Peater Grianan RIP

11 08 2020

Fans of classic rock and the British blues boom of the 60s are in mourning (again), this time following the death of guitar legend Peter Green, founder of Fleetwood Mac. 

Sadly the passing of his only slightly less famous Stornoway cousin the same day went largely unremarked by the world’s music press, and we feel it is our duty to set the record straight.

Peat-er Grianan was born Peat-er Arnol Grianandaycarecentre in 1946 in one of the last blackhouses in Manor Park, next to the old Poor House.

Grianan’s first bands in the early 60s were inspired by his West Side instrumental heroes The Shaders, fronted by bespectacled Stratocaster twang merchant (and plumbing contractor) Fank Marvin.  

Like so many would-be guitarists in the early 1960’s, Grianan saw the Shaders performing (with or without Clibhe Richards) many times at village dances, orduigheans and wakes, and he wanted to get a taste of this fame and fortune. But although he was originally tempted by the pop tunes such as “Apartshareinthegrazings”, “Wonderfuel Lamp”, and “Orduigh-On” (and with “Livin’ Dolina”, and “Souming Holiday” with Clibhe), he was soon smitten by the sound of Rhythm and Brues.

Brues artists such as Howlin’ Wool, John Lee Guga, Dalmore James and Murdy Waters were never off his turntable, and B.B. KingCole became his major guitar  influence.

Despite his talents, Grianan had little success as he worked his way through a series of mid 60s peat groups (The Mawrats, The Tridenseasfleeks,  Peter Squeek’s Looners,  Shotgun Kitchenpress). This was all to change in 1966, when he was approached by John Mayallabost’s Bruesbreakers. The Bruesbreakers were looking for a replacement for Eric “God” Clachan, who’d got the cuiream and left to go in for the ministry.

The Bruesbreakers provided an excellent showcase for Grianan’s talents, and in 1967 he got big-headed and fleeked off to form his own band, poaching Bruesbreakers drummer Mick Fleekwood. Fleekwood and Grianan were joined by a new island resident, recently arrived from England, whose Highland Board-funded vegan alpaca-dung pottery in Breasclete had gone bust the day after it opened – slide guitarist Jeremy Settler.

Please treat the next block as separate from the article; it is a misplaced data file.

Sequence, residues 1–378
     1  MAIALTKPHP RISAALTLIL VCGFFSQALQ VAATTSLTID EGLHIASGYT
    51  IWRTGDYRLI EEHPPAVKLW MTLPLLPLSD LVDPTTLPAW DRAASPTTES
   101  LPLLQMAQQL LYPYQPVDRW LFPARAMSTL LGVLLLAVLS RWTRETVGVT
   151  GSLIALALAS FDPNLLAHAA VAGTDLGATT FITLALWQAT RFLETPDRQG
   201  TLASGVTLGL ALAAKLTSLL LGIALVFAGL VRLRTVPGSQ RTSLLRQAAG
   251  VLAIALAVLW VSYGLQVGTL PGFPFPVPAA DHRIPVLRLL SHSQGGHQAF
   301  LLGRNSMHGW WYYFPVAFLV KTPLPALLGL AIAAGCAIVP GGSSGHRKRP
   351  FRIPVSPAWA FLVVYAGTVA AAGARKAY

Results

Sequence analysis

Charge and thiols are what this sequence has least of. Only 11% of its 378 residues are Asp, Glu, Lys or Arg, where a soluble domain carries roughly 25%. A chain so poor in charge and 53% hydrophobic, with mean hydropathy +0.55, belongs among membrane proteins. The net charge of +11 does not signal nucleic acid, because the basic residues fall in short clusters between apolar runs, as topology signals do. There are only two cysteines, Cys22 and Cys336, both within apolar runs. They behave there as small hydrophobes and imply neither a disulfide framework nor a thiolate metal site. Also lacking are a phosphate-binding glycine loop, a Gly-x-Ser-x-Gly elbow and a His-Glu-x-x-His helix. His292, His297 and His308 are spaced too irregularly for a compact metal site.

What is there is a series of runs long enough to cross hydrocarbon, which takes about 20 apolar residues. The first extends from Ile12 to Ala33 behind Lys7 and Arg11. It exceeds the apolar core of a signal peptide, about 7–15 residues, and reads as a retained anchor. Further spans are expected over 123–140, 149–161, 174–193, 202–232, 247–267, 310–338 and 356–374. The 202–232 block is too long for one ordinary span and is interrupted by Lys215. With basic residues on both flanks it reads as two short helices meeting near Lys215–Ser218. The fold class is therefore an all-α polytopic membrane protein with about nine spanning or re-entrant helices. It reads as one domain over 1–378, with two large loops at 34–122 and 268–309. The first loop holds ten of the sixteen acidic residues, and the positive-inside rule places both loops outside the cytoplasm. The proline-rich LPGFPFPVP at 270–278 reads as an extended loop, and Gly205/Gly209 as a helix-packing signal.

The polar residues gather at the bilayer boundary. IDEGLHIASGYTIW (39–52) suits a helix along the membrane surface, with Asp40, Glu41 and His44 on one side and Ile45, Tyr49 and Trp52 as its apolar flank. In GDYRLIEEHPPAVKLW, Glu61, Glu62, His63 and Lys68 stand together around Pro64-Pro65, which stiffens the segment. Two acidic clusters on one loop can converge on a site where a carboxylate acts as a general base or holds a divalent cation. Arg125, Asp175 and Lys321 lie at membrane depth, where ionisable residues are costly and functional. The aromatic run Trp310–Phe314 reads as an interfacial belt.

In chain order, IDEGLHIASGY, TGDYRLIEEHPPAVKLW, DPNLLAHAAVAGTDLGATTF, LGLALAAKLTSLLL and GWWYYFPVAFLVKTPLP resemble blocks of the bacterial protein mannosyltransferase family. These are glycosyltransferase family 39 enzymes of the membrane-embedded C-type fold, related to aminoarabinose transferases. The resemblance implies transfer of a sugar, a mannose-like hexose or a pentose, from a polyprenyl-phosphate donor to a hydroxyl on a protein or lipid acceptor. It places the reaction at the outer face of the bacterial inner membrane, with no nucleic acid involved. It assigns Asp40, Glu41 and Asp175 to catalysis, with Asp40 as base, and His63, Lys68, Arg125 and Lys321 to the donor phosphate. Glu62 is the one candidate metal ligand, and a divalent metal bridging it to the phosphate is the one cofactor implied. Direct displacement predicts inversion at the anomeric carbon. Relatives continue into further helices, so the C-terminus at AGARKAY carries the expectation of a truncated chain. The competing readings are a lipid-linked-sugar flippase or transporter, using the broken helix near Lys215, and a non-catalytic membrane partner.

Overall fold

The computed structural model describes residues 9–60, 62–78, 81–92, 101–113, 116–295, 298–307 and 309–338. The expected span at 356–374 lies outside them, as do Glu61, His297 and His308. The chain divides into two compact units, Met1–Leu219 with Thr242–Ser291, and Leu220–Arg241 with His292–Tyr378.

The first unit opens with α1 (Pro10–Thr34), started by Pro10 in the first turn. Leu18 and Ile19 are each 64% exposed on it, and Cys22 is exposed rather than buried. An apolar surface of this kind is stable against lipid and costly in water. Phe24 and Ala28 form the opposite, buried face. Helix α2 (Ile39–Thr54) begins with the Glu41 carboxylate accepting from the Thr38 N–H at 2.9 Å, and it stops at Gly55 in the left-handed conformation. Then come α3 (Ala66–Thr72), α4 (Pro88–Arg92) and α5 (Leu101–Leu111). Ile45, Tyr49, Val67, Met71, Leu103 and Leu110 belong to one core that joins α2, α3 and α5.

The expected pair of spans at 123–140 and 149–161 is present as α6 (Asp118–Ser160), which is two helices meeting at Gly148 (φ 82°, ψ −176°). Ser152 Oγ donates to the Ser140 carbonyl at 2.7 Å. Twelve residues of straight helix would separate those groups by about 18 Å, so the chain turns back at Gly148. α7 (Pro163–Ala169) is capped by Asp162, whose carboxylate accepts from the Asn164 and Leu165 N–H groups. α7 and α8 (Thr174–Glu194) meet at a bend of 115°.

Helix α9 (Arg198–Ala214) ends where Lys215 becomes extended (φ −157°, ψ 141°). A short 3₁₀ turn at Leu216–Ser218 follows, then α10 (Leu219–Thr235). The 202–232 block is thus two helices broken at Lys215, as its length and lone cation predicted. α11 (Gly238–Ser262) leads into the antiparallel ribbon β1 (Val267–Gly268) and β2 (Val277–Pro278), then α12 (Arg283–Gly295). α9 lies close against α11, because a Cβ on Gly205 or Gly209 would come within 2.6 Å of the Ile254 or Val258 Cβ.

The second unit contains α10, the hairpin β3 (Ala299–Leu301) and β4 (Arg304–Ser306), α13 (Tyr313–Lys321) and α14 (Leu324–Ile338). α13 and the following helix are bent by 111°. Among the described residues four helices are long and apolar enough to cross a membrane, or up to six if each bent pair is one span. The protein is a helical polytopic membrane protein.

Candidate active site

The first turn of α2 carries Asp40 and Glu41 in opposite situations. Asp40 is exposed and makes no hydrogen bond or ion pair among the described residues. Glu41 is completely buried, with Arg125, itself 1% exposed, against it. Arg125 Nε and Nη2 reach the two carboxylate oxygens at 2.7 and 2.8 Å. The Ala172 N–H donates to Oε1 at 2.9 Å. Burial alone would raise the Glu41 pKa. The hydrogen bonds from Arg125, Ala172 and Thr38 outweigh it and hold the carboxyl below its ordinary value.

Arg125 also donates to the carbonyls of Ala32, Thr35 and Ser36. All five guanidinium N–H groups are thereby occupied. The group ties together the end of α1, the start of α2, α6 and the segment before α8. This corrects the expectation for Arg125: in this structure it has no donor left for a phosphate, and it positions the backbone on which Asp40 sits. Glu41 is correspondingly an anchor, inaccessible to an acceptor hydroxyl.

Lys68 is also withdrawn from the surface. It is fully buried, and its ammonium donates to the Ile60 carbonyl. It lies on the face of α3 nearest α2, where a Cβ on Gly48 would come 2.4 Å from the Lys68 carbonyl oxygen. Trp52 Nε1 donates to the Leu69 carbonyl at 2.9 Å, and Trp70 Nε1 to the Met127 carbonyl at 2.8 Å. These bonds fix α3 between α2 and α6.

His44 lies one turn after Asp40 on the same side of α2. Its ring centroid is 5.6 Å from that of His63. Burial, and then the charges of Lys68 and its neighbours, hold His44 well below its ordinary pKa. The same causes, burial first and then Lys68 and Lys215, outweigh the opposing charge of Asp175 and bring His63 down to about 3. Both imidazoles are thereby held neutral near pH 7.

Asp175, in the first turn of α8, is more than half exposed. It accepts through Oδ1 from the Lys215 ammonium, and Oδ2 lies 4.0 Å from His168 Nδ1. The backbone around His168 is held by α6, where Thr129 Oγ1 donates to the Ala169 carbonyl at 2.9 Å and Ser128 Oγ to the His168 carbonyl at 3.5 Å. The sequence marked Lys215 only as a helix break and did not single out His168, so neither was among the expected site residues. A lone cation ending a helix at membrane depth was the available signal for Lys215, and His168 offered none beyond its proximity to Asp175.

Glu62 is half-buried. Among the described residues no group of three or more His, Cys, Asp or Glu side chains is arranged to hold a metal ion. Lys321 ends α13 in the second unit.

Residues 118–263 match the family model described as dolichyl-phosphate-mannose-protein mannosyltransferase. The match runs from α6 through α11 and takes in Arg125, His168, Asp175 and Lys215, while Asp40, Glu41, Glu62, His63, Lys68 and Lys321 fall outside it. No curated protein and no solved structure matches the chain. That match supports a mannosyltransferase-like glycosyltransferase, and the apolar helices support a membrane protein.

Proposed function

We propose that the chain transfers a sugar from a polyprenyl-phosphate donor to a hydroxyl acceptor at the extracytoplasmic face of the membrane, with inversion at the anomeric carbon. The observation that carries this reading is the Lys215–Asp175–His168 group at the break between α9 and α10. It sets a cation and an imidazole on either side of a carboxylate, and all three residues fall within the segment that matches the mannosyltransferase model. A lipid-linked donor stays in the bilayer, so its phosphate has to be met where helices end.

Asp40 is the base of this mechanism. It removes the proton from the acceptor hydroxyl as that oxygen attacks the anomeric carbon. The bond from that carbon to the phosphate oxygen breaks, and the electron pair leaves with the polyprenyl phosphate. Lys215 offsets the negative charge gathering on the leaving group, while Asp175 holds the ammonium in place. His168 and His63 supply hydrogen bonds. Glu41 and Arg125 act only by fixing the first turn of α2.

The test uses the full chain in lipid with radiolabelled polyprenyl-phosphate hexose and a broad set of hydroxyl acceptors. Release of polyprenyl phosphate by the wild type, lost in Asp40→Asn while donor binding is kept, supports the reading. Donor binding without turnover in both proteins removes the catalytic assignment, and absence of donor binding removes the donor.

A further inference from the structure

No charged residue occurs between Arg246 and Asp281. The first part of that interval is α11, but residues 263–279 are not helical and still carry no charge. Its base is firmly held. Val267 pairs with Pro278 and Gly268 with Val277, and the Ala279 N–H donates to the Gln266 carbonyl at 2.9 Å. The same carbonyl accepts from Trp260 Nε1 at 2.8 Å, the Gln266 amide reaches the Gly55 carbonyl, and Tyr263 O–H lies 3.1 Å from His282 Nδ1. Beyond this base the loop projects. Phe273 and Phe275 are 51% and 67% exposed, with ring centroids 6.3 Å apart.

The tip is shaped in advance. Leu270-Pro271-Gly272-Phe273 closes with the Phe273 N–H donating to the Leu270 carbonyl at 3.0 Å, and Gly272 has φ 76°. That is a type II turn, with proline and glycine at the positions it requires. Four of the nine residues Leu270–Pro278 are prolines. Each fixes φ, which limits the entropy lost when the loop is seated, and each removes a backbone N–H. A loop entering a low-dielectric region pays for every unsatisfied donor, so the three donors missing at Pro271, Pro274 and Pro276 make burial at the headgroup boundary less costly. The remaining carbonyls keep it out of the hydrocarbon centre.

It wasn’t long before “Peter Griannan’s Fleetwood Bac featuring Jeremy Settler” decided their name was a bit of a mouthful and they’d better shorten it. This began a series of name changes that continues to the present day, including:

Fleetwood Cac

Fleetwood MacsImperialbar

Fleetwood Bac

Fleetwood Cal-Mac

Fleetwood Trawlerpoachinginbroadbaythatranagroundin Back

Whatever their name was on a given day, the band enjoyed great success between 1967 and 1970 with Grianan’s songwriting and guitar playing to the fore. Grianan’s period with the band resulted in several critically acclaimed albums including “Minister Wonderfulpreacher” and “Then Pray On”, and a host of classic songs including:

(BBC) Alba-tross

Back Magic Woman

Oh Dell

I Coinneach Gobha Blind

The Green Maraglishi (With the two Four Crowns)

Maw of the World

In 1970, after several years of heavy LDOS ingestion and increasingly holy behaviour, Grianan visited a communion service in Guershader, got the cuiream and left the band to form the Peter Grianan Splinter Group (Continuing).

He was just in time to miss out on the massive run of success that Fleekwood Cac experienced in the 70s and 80s, when they moved to the palm-fringed boulevards of the West Side and reinvented themselves as soft rock superstars in Callanishfornia. Members of the later lineups such as Stevie Nickolsonroad,  John McFree, Lindsay Buckiefishvanne and Christine McFree (formerly Christine Presbyterian) made vast amounts of money with albums such as “Rubha-mursht”, “Trosg” and “Tong-go In The Night” selling up to teens and even twenties of copies. 

The post-Grianan band also made loads of money when their songs were used as the theme music for BBC Alba’s long running tractor-racing show “Grand Peats” (“The ChainedupswingsonSunday”, usually half drowned out by the sound of Murdy Waulker shouting and hundreds of  Fordsons and Masseys revving up at the Grimshader road end) and in Angus Clinton’s 1992 Presidential Campaign (“Don’t An T’Ob Thinking About Taobh Tuath”).

But on the upside, Grianan didn’t have to put up with the constant breakups, line-up changes, power struggles, divorces, court cases and arguments about croft boundaries that characterised Fleekwood Cac in these later years.

When he wasn’t hiding in his àiridh out the Pentland Road or relief preaching in Raasay, Grianan kept busy with various musical projects up to the end. Cameo appearances on later Fleekwood Cac albums, the occasional gig with the Splinter Group, trips to Craig Dunain and guest appearances on Caithris na h-Oidche, Brag and Rapal meant he was never at a loose end.


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